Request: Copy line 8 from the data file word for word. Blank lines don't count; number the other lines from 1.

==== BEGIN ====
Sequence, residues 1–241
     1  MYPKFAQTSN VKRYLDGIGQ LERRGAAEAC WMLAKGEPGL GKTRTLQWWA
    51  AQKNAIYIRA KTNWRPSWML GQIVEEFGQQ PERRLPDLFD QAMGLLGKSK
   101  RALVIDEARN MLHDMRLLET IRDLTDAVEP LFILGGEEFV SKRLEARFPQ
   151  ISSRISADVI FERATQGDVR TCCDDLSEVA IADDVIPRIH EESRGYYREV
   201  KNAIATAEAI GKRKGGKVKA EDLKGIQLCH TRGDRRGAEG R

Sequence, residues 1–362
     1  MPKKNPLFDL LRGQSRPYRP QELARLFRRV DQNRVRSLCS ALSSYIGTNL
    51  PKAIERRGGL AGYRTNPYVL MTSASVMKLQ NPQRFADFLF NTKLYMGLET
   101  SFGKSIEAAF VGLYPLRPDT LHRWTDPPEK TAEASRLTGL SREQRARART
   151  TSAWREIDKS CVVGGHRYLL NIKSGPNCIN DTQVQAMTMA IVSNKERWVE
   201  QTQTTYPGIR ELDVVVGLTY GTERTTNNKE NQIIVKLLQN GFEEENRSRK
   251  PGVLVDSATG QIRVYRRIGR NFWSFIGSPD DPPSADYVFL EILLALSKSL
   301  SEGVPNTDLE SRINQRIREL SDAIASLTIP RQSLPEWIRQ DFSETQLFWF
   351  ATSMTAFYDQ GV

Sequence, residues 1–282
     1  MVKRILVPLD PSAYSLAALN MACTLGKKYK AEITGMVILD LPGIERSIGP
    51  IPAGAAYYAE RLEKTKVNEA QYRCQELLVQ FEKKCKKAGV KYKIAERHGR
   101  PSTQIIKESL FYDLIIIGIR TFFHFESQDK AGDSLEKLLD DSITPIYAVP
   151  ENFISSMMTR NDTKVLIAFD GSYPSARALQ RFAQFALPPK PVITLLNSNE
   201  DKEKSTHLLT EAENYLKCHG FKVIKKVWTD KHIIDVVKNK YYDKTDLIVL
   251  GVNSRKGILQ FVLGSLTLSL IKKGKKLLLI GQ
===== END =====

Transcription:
     1  MPKKNPLFDL LRGQSRPYRP QELARLFRRV DQNRVRSLCS ALSSYIGTNL